```

Therefore, the term `succO` defined as

```    succO := λn. n succ c_1
```
is a successor on Church numerals. That is, applied to the `n`-th numeral it reduces to the `n+1`-th, as (1) shows.

The `succO` term may be applied to other things than Church numerals. For example, it is easy to see that

```    succO (λfx. c_0) == c_0
```
If the result of applying a successor is zero, its argument must be minus one. Thus the term `λfx. c_0` plays the role of `c_-1`.

If we get the successor of `n` by counting `n` times starting from one, per (1), we get the predecessor by starting the count from minus one:

```    λn. n succO (λfx. c_0)
```
Or, desugaring the `succO`, `c_0`, etc. abbreviations and normalizing:
```    λn. n (λp. p (λcfx. f (c f x)) (λx.x)) (λfxsz.z)
```
This is a novel predecessor on Church numerals. It is different from the Kleene predecessor: notably shorter, and quite more easier to understand. Perhaps it is also more insightful.

The name `succO` was chosen for a reason: `succO` is a meta-circular successor. By raising the stage, so to speak, of a successor we found the way to accommodate minus one.

Version
The current version is June 2021
References
pred.pdf [171K]
The full paper, published in J. Functional Programming, v30, 2020, e7, pp. 1-13 doi:10.1017/S095679682000009X

pred-talk.pdf [612K]
Slides of the talk at the LFCS seminar (University of Edinburgh), 28 May 2021. The recording is available on YouTube.

Lambda calculus embedded in OCaml and its normalization
The normalizer used to test the predecessors, compute their sizes and estimate the performance (and to represent as Scheme code)

Numerals and lists in lambda calculus: P-numerals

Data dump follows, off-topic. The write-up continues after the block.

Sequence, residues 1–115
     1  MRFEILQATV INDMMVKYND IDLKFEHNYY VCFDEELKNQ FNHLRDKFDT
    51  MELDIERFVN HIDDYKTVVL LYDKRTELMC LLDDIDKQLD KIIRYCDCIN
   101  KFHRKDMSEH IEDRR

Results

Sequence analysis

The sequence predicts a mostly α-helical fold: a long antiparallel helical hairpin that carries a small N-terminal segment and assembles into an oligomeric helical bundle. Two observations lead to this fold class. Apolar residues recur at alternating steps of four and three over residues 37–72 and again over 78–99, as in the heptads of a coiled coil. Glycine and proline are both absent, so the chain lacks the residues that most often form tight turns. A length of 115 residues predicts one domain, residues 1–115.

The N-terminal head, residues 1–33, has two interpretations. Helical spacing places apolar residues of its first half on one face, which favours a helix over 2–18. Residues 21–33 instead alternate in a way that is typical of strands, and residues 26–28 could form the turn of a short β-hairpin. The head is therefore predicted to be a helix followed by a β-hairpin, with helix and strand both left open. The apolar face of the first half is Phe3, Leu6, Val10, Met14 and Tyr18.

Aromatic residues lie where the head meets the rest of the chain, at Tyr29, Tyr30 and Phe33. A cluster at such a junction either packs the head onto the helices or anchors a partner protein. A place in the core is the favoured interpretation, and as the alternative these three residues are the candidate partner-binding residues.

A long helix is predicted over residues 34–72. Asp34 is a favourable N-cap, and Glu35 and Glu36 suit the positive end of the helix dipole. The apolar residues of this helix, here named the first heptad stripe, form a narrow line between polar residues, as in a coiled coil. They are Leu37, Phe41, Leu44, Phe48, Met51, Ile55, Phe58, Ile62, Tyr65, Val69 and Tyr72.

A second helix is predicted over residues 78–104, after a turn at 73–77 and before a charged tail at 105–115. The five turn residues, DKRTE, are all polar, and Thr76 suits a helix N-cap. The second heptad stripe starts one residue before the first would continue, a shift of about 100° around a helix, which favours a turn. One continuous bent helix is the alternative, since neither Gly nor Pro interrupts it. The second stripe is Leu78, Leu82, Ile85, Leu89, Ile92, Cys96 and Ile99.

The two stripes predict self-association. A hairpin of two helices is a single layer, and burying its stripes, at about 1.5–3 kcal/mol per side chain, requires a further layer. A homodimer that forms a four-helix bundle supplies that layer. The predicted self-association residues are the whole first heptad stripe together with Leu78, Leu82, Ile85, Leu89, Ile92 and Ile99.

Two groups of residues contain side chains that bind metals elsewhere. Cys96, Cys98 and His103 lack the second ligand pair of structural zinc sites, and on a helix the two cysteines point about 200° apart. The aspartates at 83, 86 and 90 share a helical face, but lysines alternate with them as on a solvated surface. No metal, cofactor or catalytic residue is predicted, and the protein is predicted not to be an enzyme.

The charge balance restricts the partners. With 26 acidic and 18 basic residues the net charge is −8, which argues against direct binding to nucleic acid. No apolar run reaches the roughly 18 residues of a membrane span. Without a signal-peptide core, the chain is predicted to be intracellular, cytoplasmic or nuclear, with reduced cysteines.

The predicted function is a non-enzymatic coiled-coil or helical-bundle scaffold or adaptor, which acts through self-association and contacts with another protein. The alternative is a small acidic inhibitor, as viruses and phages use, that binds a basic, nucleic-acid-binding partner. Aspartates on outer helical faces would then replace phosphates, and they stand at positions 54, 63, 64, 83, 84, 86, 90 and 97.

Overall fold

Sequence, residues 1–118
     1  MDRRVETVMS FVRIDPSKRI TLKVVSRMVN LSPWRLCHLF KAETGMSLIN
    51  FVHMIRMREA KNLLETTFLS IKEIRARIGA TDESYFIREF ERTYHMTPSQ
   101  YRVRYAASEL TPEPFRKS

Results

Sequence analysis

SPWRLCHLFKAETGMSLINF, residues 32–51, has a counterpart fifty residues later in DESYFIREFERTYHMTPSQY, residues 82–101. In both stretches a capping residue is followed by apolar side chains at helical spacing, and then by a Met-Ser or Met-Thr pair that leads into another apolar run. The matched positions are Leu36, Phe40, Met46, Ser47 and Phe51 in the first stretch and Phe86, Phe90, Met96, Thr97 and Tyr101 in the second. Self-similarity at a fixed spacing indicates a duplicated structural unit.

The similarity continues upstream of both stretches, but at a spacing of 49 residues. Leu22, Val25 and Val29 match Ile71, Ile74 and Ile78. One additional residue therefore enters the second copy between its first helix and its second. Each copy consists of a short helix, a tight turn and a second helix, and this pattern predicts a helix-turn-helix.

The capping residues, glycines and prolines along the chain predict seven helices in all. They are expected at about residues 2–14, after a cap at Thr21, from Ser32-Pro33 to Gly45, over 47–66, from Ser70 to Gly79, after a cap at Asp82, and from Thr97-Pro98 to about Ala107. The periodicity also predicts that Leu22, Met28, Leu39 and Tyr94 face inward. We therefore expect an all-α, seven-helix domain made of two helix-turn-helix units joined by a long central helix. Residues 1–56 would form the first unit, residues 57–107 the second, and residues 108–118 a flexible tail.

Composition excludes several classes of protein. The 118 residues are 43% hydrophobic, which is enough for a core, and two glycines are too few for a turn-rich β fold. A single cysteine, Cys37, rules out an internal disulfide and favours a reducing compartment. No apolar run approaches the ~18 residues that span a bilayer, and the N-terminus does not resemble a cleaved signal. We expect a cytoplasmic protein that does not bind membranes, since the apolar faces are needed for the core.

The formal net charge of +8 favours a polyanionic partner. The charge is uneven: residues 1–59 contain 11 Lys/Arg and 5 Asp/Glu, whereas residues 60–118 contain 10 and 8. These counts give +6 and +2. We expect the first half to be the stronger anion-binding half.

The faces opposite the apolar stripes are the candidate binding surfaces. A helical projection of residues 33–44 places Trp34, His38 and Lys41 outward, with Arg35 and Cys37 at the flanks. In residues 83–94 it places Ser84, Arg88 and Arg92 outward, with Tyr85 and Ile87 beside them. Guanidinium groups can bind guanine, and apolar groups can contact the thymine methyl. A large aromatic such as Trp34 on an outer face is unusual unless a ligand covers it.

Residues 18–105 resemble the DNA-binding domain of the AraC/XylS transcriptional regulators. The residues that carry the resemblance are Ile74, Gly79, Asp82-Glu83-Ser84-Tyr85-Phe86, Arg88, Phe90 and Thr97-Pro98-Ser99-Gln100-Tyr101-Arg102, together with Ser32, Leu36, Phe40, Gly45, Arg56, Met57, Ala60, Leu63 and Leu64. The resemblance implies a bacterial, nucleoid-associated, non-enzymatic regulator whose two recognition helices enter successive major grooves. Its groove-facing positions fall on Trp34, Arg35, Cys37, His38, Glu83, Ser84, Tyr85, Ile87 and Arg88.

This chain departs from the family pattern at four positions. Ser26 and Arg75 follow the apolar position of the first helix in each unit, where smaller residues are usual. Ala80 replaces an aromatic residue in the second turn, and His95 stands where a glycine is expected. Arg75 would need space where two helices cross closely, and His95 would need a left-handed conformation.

A different representation of numerals, with the predecessor being just as simple as the successor.

## Numerals and lists in lambda calculus: P-numerals

This article derives a term in the pure untyped lambda calculus that efficiently computes the symmetric difference of two Church numerals. We introduce other numerals, so called P-numerals, which are more convenient for arithmetic. We show the connection between the P-numerals and the list fold.

P-numerals are the functional equivalent of lists: increment, decrement, and zero testing operations on P-numerals all take constant time -- just as `cons`, `car`, and `null?` do on lists.

Peter G. Hancock has observed that P-numerals are closely related to Goedel's recursor `R`.

Paul Brauner has pointed out that P-numerals have been introduced by Michel Parigot back in 1988, with different motivations and in a typed setting. They are since called ``Parigot integers''. Paul Brauner has pointed out yet another way to come to P-numerals, from the definition of integers in deduction modulo.

Andrew Hodges, in `Alan Turing: The Enigma', wrote: ``But underneath there lay the same powerful idea that Goedel has used, that there was no essential distinction between numbers and operations on numbers.'' And so, lambda calculus and Turing machine are duals: In a (universal) TM, an integer encodes an operation. In lambda calculus, an operation encodes an integer.

Version
The current version is 1.5, November 2010
References
LC_Pnum.lhs [13K]